JOHNSON: I'm going through like little problems like with my brother. My brother is getting high.
JOHNSON: Okay? And my mother wants me to be there for him. And I be telling her, "Mommy, I can't."
RHETT: Identify the feeling that, he'll probably take you backward before you can move him…
CHANG: Gradually they begin to trust their counselors and each other. The hard shell they brought from the outside world begins to soften…
JOHNSON: That man put me through so much downstairs in his office until I was like, oh, I can't stand him. He get on my nerves. I be like Mychelle, I don't know who he thinks he is, but I want to hurt him…
CHANG: Confronting their own stories can be a painful process. The staff here says six out of every ten have been sexually abused. An overwhelming majority have been physically abused. Many were abandoned as children. This mirrors the female prison population as a whole. It's a legacy each woman struggles with.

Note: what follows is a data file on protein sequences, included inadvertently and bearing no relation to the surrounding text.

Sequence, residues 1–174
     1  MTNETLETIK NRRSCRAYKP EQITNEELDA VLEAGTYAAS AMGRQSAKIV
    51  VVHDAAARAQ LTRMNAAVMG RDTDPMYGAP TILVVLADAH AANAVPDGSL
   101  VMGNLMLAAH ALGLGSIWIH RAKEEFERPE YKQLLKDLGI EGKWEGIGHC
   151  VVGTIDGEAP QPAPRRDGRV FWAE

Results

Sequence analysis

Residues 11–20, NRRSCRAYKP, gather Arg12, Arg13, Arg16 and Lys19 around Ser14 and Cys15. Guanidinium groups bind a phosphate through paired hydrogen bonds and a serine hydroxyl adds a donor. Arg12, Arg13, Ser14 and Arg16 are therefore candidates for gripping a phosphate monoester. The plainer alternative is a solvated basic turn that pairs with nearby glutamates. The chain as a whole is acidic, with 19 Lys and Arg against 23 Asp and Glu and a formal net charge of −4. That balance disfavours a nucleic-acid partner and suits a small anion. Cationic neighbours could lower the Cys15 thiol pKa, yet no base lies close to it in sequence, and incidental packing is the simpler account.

BUSTAMONTE: Gerald Rhett has you write a life history, like from the time you were a little girl until now. God, it was painful for me to write this.
CHANG: Writing this journal helped bring back one of Mychelle's most painful memories the day her mother abandoned her.
BUSTAMONTE: Mom was drunk most of the time. It was my last day of seventh grade. I came home and she was gone. All her stuff was in the house, but she was gone and she didn't come home again. And I get thrown into these foster homes, and group homes. If it was someone else's story, and I read it, I would cry, you know?
CHANG: This therapy forces Mychelle to confront her childhood trauma, she realizes she'd been using drugs and alcohol to blot out the pain of her abandonment.
BUSTAMONTE: But you have to deal with it and you have to say okay, this happened, and I will move on now.